• 2003. "Dangdai riben yishu wenhua yu rentong chuangsu" (Contemporary Artistic Culture and the Creation of Japanese Identity) Envisage (2): 140-170. Taipei: Communication Arts Research Institute.
  • 2002. "Can a Real Man Live For His Family? Ikigai and Masculinity in Today's Japan." In J. Roberson and N. Suzuki, eds., Men and Masculinities in Contemporary Japan: Dislocating the Salaryman Doxa. London and New York: Routledge Curzon, 2002.
  • 2002. "Review Essay: Japan's Alternative Modernity in a Globalizing World." American Anthropologist 104(3): 958-961
  • 2001. Consuming Hong Kong. Gordon Mathews and Lui Tai-lok, eds. Hong Kong: University of Hong Kong Press. Wrote for this book the chapter "Cultural Identity and Consumption in Postcolonial Hong Kong."
  • 2001. "A Collision of Discourses: Japanese and Hong Kong Chinese During the Diaoyu/Senkaku Islands Crisis." In H. Befu and S. Guichard-Anguis, eds., Globalizing Japan. London and New York: Routledge.
  • 2001. "Bunkateki bunmyaku kara mita ikigai" [The cultural context of what makes life worth living]. In Y. Takahashi and S. Wada, eds., Ikigai no shakaigaku [The sociology of what makes life worth living]. Tokyo: Kobundo.
  • 2000. Global Culture/Individual Identity: Searching for Home in the Cultural Supermarket. London and New York: Routledge. Translated into Brazilian Portuguese, 2002, and Polish, 2004.
  • 1998. "The Contemporary Meanings of Culture: On Why Hong Kong May Be the Most Exciting Place in the World in Which to do Anthropological Research." In S. Cheung, ed., On the South China Track: Perspectives on Anthropological Research. Hong Kong Institute of Asia-Pacific Studies, Chinese University of Hong Kong.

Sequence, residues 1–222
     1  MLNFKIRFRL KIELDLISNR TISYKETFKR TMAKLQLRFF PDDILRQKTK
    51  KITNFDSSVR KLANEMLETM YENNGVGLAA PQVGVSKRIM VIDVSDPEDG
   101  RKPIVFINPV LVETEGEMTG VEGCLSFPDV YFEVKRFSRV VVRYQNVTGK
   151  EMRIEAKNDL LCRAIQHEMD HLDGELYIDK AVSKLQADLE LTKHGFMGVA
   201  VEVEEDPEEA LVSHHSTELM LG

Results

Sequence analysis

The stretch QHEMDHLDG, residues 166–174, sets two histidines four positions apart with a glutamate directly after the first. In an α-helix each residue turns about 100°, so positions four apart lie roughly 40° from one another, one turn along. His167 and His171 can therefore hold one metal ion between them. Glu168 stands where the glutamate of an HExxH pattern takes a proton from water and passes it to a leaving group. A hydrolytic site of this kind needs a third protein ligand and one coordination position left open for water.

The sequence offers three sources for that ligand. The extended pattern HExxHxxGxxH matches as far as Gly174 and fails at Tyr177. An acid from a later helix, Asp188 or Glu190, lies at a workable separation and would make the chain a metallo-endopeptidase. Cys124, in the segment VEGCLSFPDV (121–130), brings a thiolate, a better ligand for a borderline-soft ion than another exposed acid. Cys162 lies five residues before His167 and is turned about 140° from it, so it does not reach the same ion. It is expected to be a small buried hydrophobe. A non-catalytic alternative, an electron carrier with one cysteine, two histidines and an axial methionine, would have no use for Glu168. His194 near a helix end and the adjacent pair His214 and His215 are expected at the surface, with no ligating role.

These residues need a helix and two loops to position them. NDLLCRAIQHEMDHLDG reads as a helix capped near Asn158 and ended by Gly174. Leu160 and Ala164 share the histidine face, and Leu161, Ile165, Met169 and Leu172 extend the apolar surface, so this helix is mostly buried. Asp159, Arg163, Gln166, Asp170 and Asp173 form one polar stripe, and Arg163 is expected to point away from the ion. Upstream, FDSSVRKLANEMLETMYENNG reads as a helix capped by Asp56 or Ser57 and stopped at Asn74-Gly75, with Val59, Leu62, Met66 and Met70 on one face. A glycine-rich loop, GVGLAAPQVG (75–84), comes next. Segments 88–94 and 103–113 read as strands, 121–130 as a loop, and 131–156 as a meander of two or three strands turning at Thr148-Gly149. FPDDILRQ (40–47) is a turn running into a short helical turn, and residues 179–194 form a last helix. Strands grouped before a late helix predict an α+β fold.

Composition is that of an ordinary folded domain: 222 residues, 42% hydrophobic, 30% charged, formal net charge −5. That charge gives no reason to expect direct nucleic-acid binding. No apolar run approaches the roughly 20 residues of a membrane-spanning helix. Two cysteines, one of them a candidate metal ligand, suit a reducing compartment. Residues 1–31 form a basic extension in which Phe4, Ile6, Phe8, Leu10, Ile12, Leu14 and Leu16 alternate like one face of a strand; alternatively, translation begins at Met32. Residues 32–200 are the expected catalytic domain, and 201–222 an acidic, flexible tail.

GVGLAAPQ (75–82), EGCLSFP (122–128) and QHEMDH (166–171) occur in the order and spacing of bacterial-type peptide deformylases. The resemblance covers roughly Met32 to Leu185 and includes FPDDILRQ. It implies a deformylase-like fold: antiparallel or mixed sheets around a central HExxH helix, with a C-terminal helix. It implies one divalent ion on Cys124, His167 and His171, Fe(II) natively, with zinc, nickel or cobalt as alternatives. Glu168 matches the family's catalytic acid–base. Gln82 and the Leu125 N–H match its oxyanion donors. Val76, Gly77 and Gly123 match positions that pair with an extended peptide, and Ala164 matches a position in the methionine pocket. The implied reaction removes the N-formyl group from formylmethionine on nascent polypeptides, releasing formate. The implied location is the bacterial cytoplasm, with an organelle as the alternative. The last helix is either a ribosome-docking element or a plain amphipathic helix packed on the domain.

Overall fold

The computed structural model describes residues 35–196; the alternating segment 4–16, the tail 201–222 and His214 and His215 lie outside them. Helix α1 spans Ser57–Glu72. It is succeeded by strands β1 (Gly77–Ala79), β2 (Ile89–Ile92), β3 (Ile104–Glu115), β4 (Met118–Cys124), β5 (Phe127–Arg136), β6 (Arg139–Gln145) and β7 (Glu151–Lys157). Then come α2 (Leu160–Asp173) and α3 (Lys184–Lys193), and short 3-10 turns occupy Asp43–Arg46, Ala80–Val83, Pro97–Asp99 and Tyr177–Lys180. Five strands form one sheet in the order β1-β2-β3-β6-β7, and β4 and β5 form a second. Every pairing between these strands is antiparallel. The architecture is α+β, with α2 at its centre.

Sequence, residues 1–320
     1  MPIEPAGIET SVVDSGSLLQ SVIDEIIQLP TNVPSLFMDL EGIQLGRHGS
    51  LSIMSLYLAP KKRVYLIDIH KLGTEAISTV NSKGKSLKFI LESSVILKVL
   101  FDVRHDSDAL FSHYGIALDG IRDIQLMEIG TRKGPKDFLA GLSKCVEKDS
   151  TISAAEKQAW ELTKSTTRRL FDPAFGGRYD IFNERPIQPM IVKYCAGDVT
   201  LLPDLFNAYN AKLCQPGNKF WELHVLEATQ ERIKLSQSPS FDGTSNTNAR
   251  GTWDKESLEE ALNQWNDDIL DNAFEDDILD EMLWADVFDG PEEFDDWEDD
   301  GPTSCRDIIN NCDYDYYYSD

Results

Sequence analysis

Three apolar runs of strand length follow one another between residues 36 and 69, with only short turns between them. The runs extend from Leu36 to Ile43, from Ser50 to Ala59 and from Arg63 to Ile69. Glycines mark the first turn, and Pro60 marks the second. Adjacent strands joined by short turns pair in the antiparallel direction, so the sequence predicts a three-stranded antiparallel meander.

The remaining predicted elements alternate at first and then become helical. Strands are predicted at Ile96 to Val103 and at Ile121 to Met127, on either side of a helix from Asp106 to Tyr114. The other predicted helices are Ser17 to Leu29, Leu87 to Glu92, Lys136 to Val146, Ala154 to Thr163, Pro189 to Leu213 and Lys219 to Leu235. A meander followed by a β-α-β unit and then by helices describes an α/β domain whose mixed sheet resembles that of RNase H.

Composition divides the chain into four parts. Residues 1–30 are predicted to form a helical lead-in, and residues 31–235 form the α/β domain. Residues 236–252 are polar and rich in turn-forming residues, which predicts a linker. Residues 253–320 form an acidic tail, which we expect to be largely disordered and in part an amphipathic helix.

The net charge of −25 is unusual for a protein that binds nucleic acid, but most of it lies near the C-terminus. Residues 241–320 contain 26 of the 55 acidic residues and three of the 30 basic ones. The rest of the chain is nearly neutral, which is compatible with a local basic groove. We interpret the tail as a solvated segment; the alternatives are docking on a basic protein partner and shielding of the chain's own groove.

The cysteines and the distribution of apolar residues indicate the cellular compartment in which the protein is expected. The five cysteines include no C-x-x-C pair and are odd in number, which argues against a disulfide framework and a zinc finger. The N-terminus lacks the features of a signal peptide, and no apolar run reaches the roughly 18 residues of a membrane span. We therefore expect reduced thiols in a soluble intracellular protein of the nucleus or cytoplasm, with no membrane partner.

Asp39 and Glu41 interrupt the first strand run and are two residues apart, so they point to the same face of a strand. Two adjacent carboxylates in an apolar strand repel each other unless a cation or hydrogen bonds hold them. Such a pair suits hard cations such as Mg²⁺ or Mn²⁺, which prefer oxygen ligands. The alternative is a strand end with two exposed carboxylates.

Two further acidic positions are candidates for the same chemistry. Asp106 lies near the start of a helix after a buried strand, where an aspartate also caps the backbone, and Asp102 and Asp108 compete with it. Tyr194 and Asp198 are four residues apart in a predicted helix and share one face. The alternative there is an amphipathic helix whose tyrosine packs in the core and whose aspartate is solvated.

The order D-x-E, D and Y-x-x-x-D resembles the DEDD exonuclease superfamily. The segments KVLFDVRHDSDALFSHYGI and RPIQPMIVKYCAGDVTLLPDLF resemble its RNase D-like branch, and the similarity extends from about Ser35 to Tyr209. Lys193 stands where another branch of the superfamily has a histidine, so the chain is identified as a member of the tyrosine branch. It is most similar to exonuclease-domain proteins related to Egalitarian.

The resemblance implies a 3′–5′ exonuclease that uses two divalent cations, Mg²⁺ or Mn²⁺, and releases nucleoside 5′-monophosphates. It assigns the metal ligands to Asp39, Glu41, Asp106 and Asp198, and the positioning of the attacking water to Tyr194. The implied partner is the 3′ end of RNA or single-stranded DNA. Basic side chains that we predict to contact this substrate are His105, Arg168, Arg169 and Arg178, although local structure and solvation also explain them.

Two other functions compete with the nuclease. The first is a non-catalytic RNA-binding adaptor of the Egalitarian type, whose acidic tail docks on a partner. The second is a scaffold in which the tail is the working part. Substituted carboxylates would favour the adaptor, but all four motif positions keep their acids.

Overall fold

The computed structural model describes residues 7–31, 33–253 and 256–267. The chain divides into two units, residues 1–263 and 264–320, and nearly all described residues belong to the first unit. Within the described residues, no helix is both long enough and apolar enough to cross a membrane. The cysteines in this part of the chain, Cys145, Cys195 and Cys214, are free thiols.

• 1997. "Heunggongyahn: On the Past, Present, and Future of Hong Kong Identity." Bulletin of Concerned Asian Scholars, 29(3): 3-13. Reprinted in Hong Kong, International Library of Social Change in the Pacific, Aldershot U.K.: Ashgate, 2003 and in Narrating Hong Kong Culture and Identity. Hong Kong: Oxford University Press, 2003.
  • 1996. What Makes Life Worth Living? How Japanese and Americans Make Sense of Their Worlds. Berkeley: University of California Press. Translated into Japanese, 2001.
  • 1996. "Names and Identities in the Hong Kong Cultural Supermarket." Dialectical Anthropology 21(3,4): 399-419.
  • 1996. "The Stuff of Dreams, Fading: Ikigai and "the Japanese Self." Ethos 24(4): 718-747. Reprinted in Modern Japanese Society and Culture. London: Routledge, 2007.
  • 1996. "The Pursuit of a Life Worth Living in Japan and the United States." Ethnology XXXV(1): 51-62.

Current Research

  • The World in Chungking Mansions: How Low-end Globalization Works

  • Understanding Society Through Life After Death: Japan and Elsewhere

  • Learning to Belong to a Nation: Hong Kong in China and the World
  • Cultural Identity Between State and Market: Japan and Elsewhere
  • Well-Being and Meanings of Life in Anthropological Perspective
  • Thinking Through Theory: Making Anthropological Theory Relevant to Everyday Life
 

Copyright@2011. All Rights Reserved. Department of Anthropology, The Chinese University of Hong Kong.